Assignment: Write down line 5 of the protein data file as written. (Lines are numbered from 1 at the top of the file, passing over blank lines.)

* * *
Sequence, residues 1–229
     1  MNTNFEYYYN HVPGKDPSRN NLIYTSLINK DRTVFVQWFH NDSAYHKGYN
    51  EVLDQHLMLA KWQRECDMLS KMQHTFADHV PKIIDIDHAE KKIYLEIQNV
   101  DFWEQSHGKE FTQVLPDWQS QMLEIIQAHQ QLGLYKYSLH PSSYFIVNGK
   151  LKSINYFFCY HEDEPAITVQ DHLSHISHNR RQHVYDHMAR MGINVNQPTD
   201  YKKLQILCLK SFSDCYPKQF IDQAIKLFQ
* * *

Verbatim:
   151  LKSINYFFCY HEDEPAITVQ DHLSHISHNR RQHVYDHMAR MGINVNQPTD